E-retail sales were up 24% yesterday over Black Friday 2010, according to IBM Benchmark.
Don Davis , Editor in Chief
After a blockbuster Thanksgiving Day when they had little competition from bricks-and-mortar stores, online retailers continue to register strong results today, a day often referred to as Black Friday.
Sales at major online retailers were up 24.3% over the Friday after Thanksgiving last year, according to IBM Benchmark, a survey of the web sites of some 500 major U.S. online retailers. That’s in line with the 20% year-over-year increase IBM was reporting at mid-day yesterday; but online sales soared in the evening, and full-day online Thanksgiving sales ended up 39.3% over the holiday last year.
Sales were also strong at bricks-and-mortar stores, reports ShopperTrak, which monitors traffic and sales at major malls and retail chains. Total Black Friday retail sales rose 6.6% year over year to $11.40 billion, while foot traffic increased 5.1%. “Despite our sluggish economy, shoppers proved they are looking for value and ready to buy if given a good customer experience," says ShopperTrak founder Bill Martin.
Mobile devices remain a much bigger part of online shopping this year, IBM says. Shoppers made 9.8% of their online purchases from mobile devices like smartphones and tablet computers, up from 3.2% last year on the same day. Mobile traffic represented 14.3% of visits to major e-retail sites, a hefty increase from 5.6% on Black Friday 2010, IBM says.
Apple and Android devices account for virtually all of the mobile shopping activity, IBM says. 5.4% of traffic to retail web sites Friday came came from Apple iPhones, 4.8% from Apple iPads and 4.1% from devices that use Google's Android software. That leaves less than 1% of traffic to retail sites coming from all other mobile devices. Shoppers using iPad converted at a much higher rate than other mobile consumers, 4.6% vs. 2.8% for users of all other mobile devices.
Online sales increased 23% on Black Friday compared with sales for the same sellers on the same day last year for some 150 retail clients of Mercent Corp., which helps retailers sell online through marketplaces and comparison shopping engines. On Thanksgiving Day, same-seller sales were up 18% overall. Sales on Amazon grew even faster for Mercent clients: 28% on Thanksgiving Day and an estimated 27% on Black Friday.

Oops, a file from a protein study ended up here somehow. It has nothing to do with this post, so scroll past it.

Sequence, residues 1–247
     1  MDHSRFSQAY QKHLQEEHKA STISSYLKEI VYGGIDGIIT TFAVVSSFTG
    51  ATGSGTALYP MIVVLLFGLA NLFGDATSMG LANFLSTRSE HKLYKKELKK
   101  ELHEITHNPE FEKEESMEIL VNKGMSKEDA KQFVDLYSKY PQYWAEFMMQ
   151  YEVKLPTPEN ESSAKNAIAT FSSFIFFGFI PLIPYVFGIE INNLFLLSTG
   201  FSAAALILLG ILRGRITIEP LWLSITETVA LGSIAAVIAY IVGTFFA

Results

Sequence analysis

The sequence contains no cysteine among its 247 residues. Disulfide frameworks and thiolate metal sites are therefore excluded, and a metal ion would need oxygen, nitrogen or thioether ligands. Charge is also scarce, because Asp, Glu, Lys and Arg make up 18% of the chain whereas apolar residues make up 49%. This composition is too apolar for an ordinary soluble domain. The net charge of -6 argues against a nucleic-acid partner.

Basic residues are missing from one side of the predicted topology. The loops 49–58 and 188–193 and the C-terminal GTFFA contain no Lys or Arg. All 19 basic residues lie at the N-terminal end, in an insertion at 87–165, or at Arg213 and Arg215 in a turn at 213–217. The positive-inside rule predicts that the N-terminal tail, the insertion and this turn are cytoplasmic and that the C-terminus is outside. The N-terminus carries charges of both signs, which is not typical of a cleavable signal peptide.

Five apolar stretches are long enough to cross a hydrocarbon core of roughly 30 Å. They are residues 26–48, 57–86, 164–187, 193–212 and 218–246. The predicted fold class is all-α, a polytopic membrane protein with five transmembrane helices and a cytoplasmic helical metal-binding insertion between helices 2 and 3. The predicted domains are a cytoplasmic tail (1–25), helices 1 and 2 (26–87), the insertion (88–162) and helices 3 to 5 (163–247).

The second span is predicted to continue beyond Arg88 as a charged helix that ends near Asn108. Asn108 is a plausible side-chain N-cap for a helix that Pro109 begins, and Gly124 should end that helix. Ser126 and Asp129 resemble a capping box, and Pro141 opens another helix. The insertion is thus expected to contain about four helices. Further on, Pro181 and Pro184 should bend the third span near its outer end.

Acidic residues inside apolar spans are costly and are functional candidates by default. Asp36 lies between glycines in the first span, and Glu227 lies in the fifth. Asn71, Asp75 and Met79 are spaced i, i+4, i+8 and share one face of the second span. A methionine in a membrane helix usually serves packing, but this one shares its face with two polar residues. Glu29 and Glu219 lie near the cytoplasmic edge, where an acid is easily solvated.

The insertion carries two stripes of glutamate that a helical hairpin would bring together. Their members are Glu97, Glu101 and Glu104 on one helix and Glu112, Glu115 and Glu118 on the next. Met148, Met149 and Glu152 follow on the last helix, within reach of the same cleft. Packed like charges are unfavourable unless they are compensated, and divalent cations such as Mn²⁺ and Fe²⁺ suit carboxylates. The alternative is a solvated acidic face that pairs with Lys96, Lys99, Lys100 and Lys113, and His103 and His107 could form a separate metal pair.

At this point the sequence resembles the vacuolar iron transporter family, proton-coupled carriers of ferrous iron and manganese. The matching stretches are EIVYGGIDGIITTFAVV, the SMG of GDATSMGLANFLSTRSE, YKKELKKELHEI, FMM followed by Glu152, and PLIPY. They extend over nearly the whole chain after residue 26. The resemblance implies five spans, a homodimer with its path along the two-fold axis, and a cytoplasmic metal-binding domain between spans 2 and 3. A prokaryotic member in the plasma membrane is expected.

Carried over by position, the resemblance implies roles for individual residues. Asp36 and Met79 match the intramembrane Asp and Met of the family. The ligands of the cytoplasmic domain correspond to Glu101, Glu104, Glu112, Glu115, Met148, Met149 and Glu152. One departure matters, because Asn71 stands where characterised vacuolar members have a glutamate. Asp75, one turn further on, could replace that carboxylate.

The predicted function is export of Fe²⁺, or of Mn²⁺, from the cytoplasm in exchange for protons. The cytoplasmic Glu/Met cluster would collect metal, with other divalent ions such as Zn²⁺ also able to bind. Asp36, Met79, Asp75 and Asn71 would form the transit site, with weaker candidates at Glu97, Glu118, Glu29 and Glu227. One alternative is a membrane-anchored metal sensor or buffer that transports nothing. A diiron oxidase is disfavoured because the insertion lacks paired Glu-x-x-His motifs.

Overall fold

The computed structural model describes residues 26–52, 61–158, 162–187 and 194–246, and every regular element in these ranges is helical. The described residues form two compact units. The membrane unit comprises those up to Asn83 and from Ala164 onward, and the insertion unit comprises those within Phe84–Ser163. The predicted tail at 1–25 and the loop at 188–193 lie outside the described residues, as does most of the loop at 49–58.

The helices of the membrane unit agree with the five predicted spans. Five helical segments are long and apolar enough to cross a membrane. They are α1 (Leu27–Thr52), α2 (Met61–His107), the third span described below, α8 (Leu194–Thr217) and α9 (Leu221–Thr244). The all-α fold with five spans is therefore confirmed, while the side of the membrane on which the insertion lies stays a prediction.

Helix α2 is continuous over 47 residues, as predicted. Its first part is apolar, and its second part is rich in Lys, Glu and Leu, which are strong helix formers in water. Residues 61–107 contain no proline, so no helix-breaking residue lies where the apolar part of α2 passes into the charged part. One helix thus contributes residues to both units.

Mercent CEO Eric Best says smaller online merchants were experiencing higher growth rates for sales than were their larger competitors. Those smaller merchants were likely helped by aggressive promotions and also by shoppers becoming more comfortable with e-commerce in general, which makes them more trusting of smaller merchants. “Up and coming e-commerce merchants are able to capitalize on the shift from offline to online,” he says.
Online marketing firm ChannelAdvisor reports a 20% year-over-year increase in sales for its clients on Friday. Same-seller sales increased 50% on Amazon and 15% on eBay. For clients whose search marketing programs ChannelAdvisor manages, sales were up 22% over Black Friday last year; but sales from comparison shopping engines for ChannelAdvisor clients were down 1% from last year.
Many shoppers were out at the mall Friday, drawn by the massive advertising of Black Friday deals by retail chains. Millions of consumers were visiting online retail sites late Thursday night, some shopping but others likely checking out the deals retailers would be offering in stores.
Page views peaked Thanksgiving night at 1.845 million page views per minute, according to Akamai Technologies Inc., operator of a content delivery network for web sites that monitors the visits by North American consumers to the sites of 270 global retailers. That was down to about 1.25 million page views per minute as of early afternoon Friay, a sign many shoppers have gotten out of the house to do at least some of their holiday buying.
The quickest loading e-commerce sites between 8 p.m. Eastern time Thursday and 8 a.m. Eastern time Friday morning were JCP.com, operated by J.C. Penney Co. Inc., No. 20 in the Internet Retailer Top 500 Guide; Dell.com. operated by Dell Inc., No. 4; and Apple.com, operated by Apple Inc., No. 3, according to according to web site performance firm Compuware Gomez.
Its Compuware Gomez Performance Index also show that the best-performing mobile sites during that same period were sites operated by Sears Holdings Corp., No. 7; Best Buy Co., No. 11; and Amazon.com Inc., No. 1.